Only downside for my application is that the size of the unit is fairly large. It currently is on 7/24 in my office sitting on GMRS channel 7, PL 22. It is replacing my desktop Audiovox 2000 as my full time monitor radio.
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56 of 63 people found the following review helpful
on February 3, 2008
I just got my Midland XT511 today; This unit pulls in wx signals with clearer and louder reception than my Cobra WXST and my Cobra Microtalk. It also pulls in am and fm frequencies with more clarity and loudness than my Grundig FR200. I also sent out on my familys' GMRS channel a call and in moments got two reports back from my brother who lives about 1/4 mile distance and my father who lives about 1/3 mile distance. Its not actually printed on the box or owners manual that the XT511 transmits at 5 watts output while on Hi, but I will assure you with confidence that 1/3 mile distance with loudness and clarity through homes packed with all sorts of electrical appliances is impressive enough to suggest the full 5 watt output is being emitted from the XT511. Another point of interest that perhaps sets the Basecamp as more of a Basestation above all of the walkies; I've yet to hear the annoying chirp that barks from my Cobras, I believe the autosquelch featured in the XT511 is some nice noise filtering that really keeps the barks and belches from stealing the peace, better squelch than my Audiovox GMRS-2000. On a critical note, I suggest that Midland should enhance thier AVP-7 battery pack and upgrade the 700-mah to something offering longer standby and transmit capability, perhaps 2500-mah or 2900-mah. This surely isnt a 300mw transmit like the radio shack walkies from yester-year and the solid state circuitry offers some loud audio thats going to suck down that old-tech 700mah pack quicker than the avp-7 was designed for. On a side note, the 4AA alkaline slots are a nice home for some 2500-mah energizers that I have charging(seperatly from the unit) as I write; perhaps Midland will make a slight engineering adustment and let you crank-charge the alkaline slots as though it were apart of the nimh system. Nevetheless, the Midland XT511 offers consolidated and refined features; someone or some commitee at Midland must be very happy and proud to be able to brainstorm something into existence that integrates this much form and function into a marketable product. I love my XT511, Thanks Midland.
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38 of 42 people found the following review helpful
on November 28, 2009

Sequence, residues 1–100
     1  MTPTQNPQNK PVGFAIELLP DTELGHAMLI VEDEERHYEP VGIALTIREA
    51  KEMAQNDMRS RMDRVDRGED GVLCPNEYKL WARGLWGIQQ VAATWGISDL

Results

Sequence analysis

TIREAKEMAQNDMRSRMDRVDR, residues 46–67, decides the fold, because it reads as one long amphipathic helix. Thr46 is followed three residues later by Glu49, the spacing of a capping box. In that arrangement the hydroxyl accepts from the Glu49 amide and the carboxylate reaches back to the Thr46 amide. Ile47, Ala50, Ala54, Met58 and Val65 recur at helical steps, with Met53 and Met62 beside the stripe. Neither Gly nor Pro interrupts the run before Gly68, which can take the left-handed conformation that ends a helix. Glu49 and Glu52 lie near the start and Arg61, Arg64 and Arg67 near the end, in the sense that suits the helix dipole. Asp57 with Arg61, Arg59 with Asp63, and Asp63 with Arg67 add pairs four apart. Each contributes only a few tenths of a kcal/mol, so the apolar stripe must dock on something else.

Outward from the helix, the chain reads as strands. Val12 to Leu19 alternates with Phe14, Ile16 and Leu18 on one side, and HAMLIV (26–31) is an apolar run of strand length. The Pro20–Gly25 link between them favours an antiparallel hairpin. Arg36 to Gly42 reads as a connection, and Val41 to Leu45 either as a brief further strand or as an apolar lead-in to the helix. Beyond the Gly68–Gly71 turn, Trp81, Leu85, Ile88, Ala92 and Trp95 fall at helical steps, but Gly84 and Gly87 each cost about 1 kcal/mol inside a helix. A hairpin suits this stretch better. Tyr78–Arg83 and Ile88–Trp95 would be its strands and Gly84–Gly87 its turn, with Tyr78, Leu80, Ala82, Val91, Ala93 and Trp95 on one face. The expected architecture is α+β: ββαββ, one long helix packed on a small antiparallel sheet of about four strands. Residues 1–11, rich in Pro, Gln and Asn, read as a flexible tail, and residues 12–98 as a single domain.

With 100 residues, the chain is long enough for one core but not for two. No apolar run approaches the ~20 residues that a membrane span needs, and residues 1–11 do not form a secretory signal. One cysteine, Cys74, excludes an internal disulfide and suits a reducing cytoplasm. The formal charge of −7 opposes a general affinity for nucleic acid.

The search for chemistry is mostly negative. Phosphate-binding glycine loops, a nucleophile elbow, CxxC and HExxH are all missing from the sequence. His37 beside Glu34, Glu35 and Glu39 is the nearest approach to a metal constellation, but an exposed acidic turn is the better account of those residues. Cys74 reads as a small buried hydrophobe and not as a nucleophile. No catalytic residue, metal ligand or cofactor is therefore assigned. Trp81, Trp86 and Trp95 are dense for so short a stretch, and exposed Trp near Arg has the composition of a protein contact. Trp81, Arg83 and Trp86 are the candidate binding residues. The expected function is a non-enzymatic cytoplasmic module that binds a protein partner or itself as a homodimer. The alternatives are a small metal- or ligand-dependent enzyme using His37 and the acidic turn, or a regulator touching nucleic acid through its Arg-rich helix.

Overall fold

Verified Purchase
Being an Extra class ham operator, I am always looking for radios which could be used in an emergency. i.e. When a disaster has downed all forms of communication, Ham radio operators provided the communications for civil authorities & civilians. This radio is a welcomed addition to my shack. All of the features work as advertised, and work well! My other primary reason for purchasing this radio is my 30 year old son, who has Duchene Muscular Dystrophy. He has extremely limited use of only his fingers & speech. He now has this radio setting besides him on the #1 VOX setting. It is sensitive enough to easily pick his voice up, using the included mic, setting near his shirt collar. His speech comes over the receiver clearly. And best of all, we can now talk back to him, when he calls, needing assistance. I also bought the Midland GXT1000VP4 set of radios. We use one to monitor my son's frequency, while the 2nd charges. When the 'in-use' radio's battery is depleted, we simply set it in the charger and use the other, which is fully charged. It is a great addition for my son's piece of mind! THANKS Amazon for the great prices!!
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41 of 46 people found the following review helpful
on April 9, 2010
Verified Purchase
When you compare the features versus the price the Midland XT511 sounds too good to be true. It is too good to be true. That's because the features do not live up to the hype by the manufacturer's marketing staff. You are likely to be disappointed with this radio.

First and worst is the reception. A radio with poor reception is at best a toy and at worst a doorstop. The external antenna is a whopping 3" tall. It is meant to look like a 1/4 wave antenna but is not. Weather band reception is poor, the worst of any weather radio I own (including two other Midland radios). If you flip through the seven weather bands (manually) while holding the radio in different positions you might be able to receive one if NOAA has a nearby transmitter. Poor reception makes the "alert" function a joke. If the radio cannot pick up the station it cannot get the alert. If you live in an area where dangerous weather is a possibility it would be suicidal to depend on the XT511. There are vastly better weather radios for half the price.